Dodgers waiting for Green trade
"I can't comment yet -- saying yes or saying no," Lowe said from his home in Fort Myers, Fla., when asked about a possible future with the Dodgers.
Los Angeles was holding off finalizing a contract with Lowe, wanting to first complete a deal that would send Shawn Green to Arizona, a lawyer involved in those talks said on condition of anonymity.
Green, who is due to earn $16 million this season, did not reach an agreement with the Diamondbacks on a contract extension before Thursday's deadline, but Arizona and the Dodgers requested a new window Friday night. Green and the Diamondbacks were given until Monday to agree to an extension that would allow the teams to finalize a revised trade.
The revised trade would send Green to Arizona for catching prospect Dioner Navarro, Diamondbacks general partner Ken Kendrick said.
At least one other Arizona player would go to the Dodgers, but Kendrick could not give any names. The earlier trade would have sent minor league pitcher William Juarez with Navarro to Los Angeles, and the Dodgers would have given the Diamondbacks $8 million.
The new trade may call for the Dodgers to send the Diamondbacks more money to help Arizona strike a new agreement with Green, but Kendrick would not comment on that.
"It's a slightly different deal," Kendrick said. "We hope we are able to come to terms with Shawn. We were relatively close on certain things and never really had a chance to get to other things.''
One of the non-money issues that could be a stumbling block is whether Arizona is willing to include a no-trade clause in Green's extension.
If the Green talks fail, Kendrick said the Diamondbacks have other plans to find a right fielder. The team also expects to acquire a center fielder soon.
"I think that one is going to surprise people," Kendrick said without elaborating.
Green's agent, Greg Genske, said Friday night that his client was willing to the Diamondbacks.
"If in fact the Dodgers and Diamondbacks agreed to a new trade proposal and they would like to reopen the negotiating window, we're happy to engage in that process," he said.
Kept waiting in the wings is Lowe, who was 14-12 with a 5.42 ERA in 33 starts with Boston last season. He was 3-0 with a 1.86 ERA in four games during the postseason, three of them starts. He was the winner in the final game of all three postseason series -- against the Angels, Yankees and Cardinals -- as the Red Sox won their first World Series in 86 years.
About the possibility of pitching for the Dodgers, Lowe said: "They won their division last year. Any time you can go to a team that has won, or has a chance to win, it definitely would be a good situation."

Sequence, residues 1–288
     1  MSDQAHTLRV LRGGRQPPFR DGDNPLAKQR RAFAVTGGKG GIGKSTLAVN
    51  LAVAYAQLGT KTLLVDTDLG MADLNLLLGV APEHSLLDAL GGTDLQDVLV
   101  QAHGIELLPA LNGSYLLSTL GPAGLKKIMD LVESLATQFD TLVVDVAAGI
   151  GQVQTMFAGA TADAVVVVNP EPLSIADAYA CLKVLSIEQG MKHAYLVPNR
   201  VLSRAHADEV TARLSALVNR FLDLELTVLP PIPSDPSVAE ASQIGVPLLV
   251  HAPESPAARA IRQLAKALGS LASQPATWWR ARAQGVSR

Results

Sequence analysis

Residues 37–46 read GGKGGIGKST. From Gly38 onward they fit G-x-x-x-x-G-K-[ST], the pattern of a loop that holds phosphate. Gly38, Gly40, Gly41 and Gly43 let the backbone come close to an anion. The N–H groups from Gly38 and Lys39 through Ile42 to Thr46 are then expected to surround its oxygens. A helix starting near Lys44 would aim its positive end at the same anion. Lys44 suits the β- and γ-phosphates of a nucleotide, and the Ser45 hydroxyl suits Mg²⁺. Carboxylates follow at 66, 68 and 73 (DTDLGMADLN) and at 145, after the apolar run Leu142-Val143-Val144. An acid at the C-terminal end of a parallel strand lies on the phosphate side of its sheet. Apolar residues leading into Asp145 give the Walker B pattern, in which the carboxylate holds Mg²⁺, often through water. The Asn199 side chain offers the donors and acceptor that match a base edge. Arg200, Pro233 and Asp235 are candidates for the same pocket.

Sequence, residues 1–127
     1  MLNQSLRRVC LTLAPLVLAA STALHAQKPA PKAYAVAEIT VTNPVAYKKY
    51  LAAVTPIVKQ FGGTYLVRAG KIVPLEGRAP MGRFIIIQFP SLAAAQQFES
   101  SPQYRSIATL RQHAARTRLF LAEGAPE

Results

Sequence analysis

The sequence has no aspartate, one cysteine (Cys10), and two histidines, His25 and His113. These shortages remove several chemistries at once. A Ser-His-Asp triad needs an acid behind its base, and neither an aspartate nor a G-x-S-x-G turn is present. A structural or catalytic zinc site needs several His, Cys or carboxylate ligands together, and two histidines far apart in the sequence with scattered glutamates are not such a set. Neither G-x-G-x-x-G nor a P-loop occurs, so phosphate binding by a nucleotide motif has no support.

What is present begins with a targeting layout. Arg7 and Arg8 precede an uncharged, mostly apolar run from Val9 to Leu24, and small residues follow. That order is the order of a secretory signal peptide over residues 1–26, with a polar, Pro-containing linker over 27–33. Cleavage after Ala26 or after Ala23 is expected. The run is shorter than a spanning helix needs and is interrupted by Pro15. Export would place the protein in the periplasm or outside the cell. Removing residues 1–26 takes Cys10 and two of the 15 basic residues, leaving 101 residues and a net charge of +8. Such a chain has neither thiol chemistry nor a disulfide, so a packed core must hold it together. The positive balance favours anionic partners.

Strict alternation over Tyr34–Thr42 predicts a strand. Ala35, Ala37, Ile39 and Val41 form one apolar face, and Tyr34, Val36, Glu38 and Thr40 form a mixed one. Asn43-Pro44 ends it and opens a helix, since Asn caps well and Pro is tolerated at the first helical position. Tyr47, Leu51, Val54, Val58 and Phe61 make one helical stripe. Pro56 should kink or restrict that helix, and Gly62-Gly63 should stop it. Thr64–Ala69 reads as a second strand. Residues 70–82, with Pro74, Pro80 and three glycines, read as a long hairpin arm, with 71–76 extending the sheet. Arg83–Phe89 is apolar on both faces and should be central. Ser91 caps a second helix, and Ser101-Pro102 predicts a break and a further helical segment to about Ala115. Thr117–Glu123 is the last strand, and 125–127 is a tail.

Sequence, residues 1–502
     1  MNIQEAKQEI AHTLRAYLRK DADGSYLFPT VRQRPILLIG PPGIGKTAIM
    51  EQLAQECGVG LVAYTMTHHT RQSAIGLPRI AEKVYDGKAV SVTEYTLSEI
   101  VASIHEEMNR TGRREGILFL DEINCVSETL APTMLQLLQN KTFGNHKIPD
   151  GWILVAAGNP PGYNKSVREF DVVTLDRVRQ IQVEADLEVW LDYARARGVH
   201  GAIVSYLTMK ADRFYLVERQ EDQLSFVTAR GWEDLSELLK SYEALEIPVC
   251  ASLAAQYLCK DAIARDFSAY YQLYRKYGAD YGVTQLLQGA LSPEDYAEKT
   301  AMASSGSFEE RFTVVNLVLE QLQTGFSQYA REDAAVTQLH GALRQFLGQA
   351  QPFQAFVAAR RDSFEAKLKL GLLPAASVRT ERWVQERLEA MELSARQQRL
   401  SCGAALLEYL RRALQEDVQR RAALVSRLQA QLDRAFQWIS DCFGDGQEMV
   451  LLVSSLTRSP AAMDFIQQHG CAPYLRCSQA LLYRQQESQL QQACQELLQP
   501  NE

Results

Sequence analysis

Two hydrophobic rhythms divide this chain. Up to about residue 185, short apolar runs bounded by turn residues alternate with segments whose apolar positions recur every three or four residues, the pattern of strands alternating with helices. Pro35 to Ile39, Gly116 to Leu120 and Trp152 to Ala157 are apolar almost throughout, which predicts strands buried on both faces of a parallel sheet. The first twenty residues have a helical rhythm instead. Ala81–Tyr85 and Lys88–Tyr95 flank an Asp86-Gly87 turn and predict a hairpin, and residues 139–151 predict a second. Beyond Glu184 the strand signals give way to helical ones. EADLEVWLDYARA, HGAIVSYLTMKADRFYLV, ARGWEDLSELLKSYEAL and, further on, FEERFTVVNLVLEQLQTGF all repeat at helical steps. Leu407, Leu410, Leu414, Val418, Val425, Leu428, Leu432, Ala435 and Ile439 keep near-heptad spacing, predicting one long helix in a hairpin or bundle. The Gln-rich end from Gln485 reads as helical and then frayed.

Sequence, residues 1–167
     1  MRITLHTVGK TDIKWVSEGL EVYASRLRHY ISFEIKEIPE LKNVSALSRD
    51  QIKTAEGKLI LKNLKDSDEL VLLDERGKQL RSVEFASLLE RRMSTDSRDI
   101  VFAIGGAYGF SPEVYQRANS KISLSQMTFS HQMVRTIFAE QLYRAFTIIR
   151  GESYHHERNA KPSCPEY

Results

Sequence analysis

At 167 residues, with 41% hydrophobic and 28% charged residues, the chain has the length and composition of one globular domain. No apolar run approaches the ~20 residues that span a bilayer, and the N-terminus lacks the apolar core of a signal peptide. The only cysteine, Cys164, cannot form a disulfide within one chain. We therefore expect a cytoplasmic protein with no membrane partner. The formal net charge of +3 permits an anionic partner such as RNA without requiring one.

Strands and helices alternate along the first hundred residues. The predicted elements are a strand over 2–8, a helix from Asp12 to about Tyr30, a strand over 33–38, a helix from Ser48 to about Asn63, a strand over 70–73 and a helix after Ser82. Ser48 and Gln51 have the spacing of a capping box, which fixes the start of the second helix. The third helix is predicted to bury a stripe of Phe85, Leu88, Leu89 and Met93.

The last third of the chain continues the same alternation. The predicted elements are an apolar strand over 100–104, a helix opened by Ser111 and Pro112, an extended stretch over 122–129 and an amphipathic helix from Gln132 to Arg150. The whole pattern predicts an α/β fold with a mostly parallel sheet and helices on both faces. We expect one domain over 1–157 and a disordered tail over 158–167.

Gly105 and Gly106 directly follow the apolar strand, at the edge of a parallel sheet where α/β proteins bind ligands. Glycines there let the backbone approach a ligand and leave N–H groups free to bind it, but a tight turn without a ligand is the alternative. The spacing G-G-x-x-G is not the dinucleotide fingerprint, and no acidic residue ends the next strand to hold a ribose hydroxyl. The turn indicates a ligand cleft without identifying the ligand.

Lowe said he was disappointed the Red Sox never made him an offer to return, but added: "I knew it was heading down that path late in the season. You realize that it's a business. It was definitely an enjoyable place to play. I have nothing but good things and positive things to say about playing there. They gave me my first chance in the big leagues."
Lowe said he didn't consider the future during the postseason, even though he realized his time with the Red Sox was about to be over.
"You kind of put all that aside," he said. "We had such a talented team, there's no sense worrying about next year when we knew we had a chance to do something pretty special."
And Lowe did just that by wrapping up every series.
"It was a good way to finish the year, no doubt about that," he said.
A 31-year-old right-hander, Lowe has a 72-59 career record with 85 saves. He has pitched for Boston since being traded to the Red Sox by Seattle along with catcher Jason Varitek for reliever Heathcliff Slocumb in 1997.
Perez, who agreed to his $24 million, three-year deal earlier in the week, passed a physical Friday. The Dodgers have a club option for 2008 with the 27-year-old left-hander.
He was 7-6 with a 3.25 ERA in 31 starts last season, helping Los Angeles reach the playoffs for the first time since 1996. He led the majors with 18 no-decisions and had the worst run support among NL starters at 3.30 runs per nine innings.
Perez ranked sixth in the NL, allowing just 10.27 walks and hits per nine innings. He was third among left-handers, behind Randy Johnson and David Wells. Perez allowed three earned runs or less in 26 of his 31 starts.
Perez struggled in two starts in the Dodgers' NL division series against the St. Louis Cardinals, allowing five hits and six runs in 2 2/3 innings of St. Louis' 8-3 victory in Game 1 and three hits, five walks and two runs in 2 1/3 of the Cardinals' 6-2 win in Game 4.
The Dodgers acquired Perez from the Atlanta Braves three years ago. He was 15-10 with a 3.00 ERA in 2002, when he made the NL All-Star team, and 12-12 with a 4.52 ERA in 2003.
In 145 career big-league games, all but 19 of them starts, Perez is 45-43 with a 4.00 ERA.
"Odalis is one of the top young left-handers in the game and we're very pleased that he'll continue to be a staple in our rotation for years to come," Dodgers general manager Paul DePodesta said in a statement issued by the team.
Keeping Perez gives the Dodgers a reliable starter in a rotation filled with uncertainty. He joins right-handers Jeff Weaver, Brad Penny and Edwin Jackson and possibly Lowe, along with left-hander Kaz Ishii as potential starters.
Perez has pitched 185 or more innings in each of his three seasons with the Dodgers including a career-high 222 1/3 innings in 2002.
Information from The Associated Press was used in this report.
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